People have been excited for the Thunderbolt for good reason. Aside from being created by the reputable HTC and supporting Verizon’s 4G data, the specs are looking quite nice:

  • Android 2.2 with HTC Sense interface (unfortunately not 2.3!)
  • Qualcomm MSM8655 Snapdragon CPU @ 1GHz (Qualcomm MDM9600 chipset with LTE support)
  • 768MB of RAM
  • 8GB of built-in memory + 32GB pre-installed Micro-SD card
  • 4.3” capacitive touchscreen @ 800×480
  • 8MP rear camera with dual-LED flash and autofocus, 1.3MP front-facing camera
  • WiFi b/g/n & Bluetooth 2.1
  • GPS, FM radio

The iPhone Has Finally Come to Verizon, with a Catch. Why I’m Happy About the iPhone on Verizon as an AT&T Customer

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iphone verizon 4So today is the big day for people who have been predicting that Apple would launch a Verizon iPhone at every single Apple event since the original iPhone announcement in 2007. Nice work guys, your “predictions” came true 4 years later. For those who didn’t follow any of the live blogs, the Verizon iPhone 4 will be, for the most part, aesthetically identical to the AT&T version, and is priced the same. And while it’s still just the iPhone 4, there’s actually some advantages over the AT&T version. Engadget is pointing out that the Verizon iPhone has some slightly changed notches on the steel antenna band, which points to an antenna redesign. I think this is likely because Apple surely doesn’t want a repeat of “antenna-gate”. Also, the Verizon iPhone 4 is going to feature Verizon’s mobile-hotspot which will let you share the device’s 3G CDMA connection to up to 5 other devices over WiFi (this feature comes with a costly monthly fee, of course). If you’re interested in the iPhone 4, you can order it from Verizon on February 10th, or if you’re a “qualified” Verizon customer, you’ll be able to pre-order it on the 3rd of February.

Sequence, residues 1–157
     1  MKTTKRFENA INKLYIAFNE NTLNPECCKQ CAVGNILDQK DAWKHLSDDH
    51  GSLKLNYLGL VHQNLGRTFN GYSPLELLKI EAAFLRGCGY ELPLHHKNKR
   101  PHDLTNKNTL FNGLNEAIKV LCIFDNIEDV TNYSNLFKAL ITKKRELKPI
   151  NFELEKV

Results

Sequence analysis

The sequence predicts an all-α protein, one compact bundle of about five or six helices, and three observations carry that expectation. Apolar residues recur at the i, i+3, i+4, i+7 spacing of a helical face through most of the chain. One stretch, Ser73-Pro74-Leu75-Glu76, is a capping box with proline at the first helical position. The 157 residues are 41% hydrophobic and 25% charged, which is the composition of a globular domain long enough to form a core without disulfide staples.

The Catch

One downside to the iPhone 4 on Verizon is actually one of the reasons that compelled Apple to go with AT&T in the first place. That is: Verizon’s CDMA technology doesn’t allow for simultaneous data and voice. I can’t tell you the number of times I’ve been on a call with someone on my iPhone 4 and also been referring to emails/attachments/websites/apps that were pertinent to the conversation. With Verizon’s iPhone, you’ll end up with a lot of “Hey did you get that super important attachment?”, “Uh…. let me call you right back”. Still, for those already on Verizon and who prefer it’s service to AT&T, a slightly compromised iPhone is better than no iPhone at all.

Why I’m Glad the iPhone Has Come to Verizon as an AT&T Customer

It’s about damn time that AT&T had some competition! The city in which I live must have the worst iPhone service ever. I’m lucky if I break 10kbps up and 5kbps down in some places. Thank the lord that there’s usually WiFi. With the iPhone now in Verizon’s hands, there will finally be competition for the best iPhone service, and AT&T is going to be forced to step up their game if they don’t want new cellular customers going straight to Verizon for the iPhone. After being recently called out by consumer reports as the worst carrier in the US, AT&T won’t be able to hide behind it’s claims of “Nation’s fastest 3G network” for long. I’d much rather have Verizon’s 3G reliability than AT&T’s 3G, which is fast in well covered rural areas, but horrendously slow in densely populated places. There’s finally someone to give AT&T the kick in the pants that it’s needed for several years.